One night, a long time ago, a slight Japanese man came to the Zen center I attended in New York.
At the time, I was hip-deep in a terrific solemnity about Zen practice, enlightenment, compassion and the like: Zazen, or the seated meditation that receives some emphasis in Zen practice, was the credible, pedal-to-the-metal way to attain true understanding... other ways might exist and be useful, but for me, zazen was the golden fleece.
The slight Japanese man had been invited to talk to the assembled students who practiced zazen. His thesis and emphasis: Singing offered not just an example of enlightenment, but enlightenment itself. And as an example, he had all of us get up off our meditation cushions, gather round, and sing "You Are My Sunshine."
It felt strange and childish to be singing a simple, simplistic, so-easy song in the middle of a spic-and-span meditation hall with its beautiful altar at one end and meditation cushions the only other real adornment.
When we finished the chorus, the teacher of the zendo put on an arrogant smirk as if he had been humoring a small child by allowing this Tinker Toy exercise. How could this song possibly measure up to the highly-disciplined zazen he instilled in his students as they clawed and scratched their way towards 'enlightenment?'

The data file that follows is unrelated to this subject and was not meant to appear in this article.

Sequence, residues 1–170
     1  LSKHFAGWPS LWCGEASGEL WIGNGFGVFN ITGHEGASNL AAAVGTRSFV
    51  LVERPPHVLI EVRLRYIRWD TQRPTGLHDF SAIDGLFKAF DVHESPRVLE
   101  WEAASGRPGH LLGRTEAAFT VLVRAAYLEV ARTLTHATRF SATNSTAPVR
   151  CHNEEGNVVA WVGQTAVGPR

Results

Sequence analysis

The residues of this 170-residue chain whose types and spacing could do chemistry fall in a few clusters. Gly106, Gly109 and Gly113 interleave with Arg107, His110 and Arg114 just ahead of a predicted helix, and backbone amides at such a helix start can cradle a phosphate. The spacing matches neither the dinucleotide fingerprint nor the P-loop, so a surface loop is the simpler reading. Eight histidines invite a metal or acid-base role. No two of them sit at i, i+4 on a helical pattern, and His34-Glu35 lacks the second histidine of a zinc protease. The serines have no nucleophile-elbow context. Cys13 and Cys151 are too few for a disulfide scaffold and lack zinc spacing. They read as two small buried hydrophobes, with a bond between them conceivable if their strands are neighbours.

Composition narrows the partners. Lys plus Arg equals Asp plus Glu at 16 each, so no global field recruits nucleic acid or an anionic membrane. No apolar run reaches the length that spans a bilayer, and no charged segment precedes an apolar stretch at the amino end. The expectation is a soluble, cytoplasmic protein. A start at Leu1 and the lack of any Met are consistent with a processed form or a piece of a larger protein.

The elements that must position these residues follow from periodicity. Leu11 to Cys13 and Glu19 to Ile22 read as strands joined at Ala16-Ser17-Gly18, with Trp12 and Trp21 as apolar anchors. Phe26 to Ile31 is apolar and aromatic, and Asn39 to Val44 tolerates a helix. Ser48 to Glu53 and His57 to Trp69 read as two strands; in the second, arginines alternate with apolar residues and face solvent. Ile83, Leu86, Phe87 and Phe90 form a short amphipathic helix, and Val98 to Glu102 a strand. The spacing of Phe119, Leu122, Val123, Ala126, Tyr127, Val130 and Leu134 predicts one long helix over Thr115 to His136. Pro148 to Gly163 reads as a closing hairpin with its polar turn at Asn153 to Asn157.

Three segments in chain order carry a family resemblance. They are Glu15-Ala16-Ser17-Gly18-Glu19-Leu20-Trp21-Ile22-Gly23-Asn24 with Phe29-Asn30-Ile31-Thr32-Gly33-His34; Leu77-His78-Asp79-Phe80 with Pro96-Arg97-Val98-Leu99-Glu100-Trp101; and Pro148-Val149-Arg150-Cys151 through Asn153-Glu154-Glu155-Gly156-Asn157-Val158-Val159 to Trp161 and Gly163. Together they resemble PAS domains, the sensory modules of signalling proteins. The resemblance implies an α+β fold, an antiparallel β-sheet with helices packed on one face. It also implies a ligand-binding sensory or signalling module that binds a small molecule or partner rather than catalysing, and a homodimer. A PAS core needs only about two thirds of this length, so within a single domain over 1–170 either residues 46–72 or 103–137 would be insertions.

And I, being hip-deep in a terrific solemnity about Zen practice, snickered and sneered within ... just like the teacher who taught pedal-to-the-metal zazen and coincidentally (or more likely inherently) taught sneering and snickering. I looked down and imagined I was lifted up.
But today, so many years later, I would like to apologize to that slight Japanese man for the stupidities of my youth (I was perhaps 35 at the time). Apologize not because I agree that singing is the one true way, the perfectly anointed way, the way most likely to inspire attainment, but because I agree that singing is a one true way, a perfectly anointed way, and a way most likely to inspire enlightenment. Perfection is an equal-opportunity employer ... if you doubt this, just try to find the time or place or circumstance that is not perfect.
I hesitate to say this -- to make my apology -- because "a way" so often inspires ecumenical and idiotic drivel and, worse, laziness," but my desire to apologize overrides my fears. Any way can inspire both geniuses and idiots, dolts and those with an iron determination. Every day is a good day ... it's nothing fancy ... it can't be helped.
Before any snake-oil salesman said "joy," there is joy. Before any smile-merchant advertised his wares, there was smiling. And before any singing, there was song. What is it like in the 'before' time, the home no one ever left? Well, singing is a good way and a true way, assuming anyone might allow it... and even if it doesn't work, still it's a bit of reprieve in uncertain and tearful times.
Perhaps it is like the old Baptist hymn, "How Can I Keep From Singing?"
Anyway, I apologize.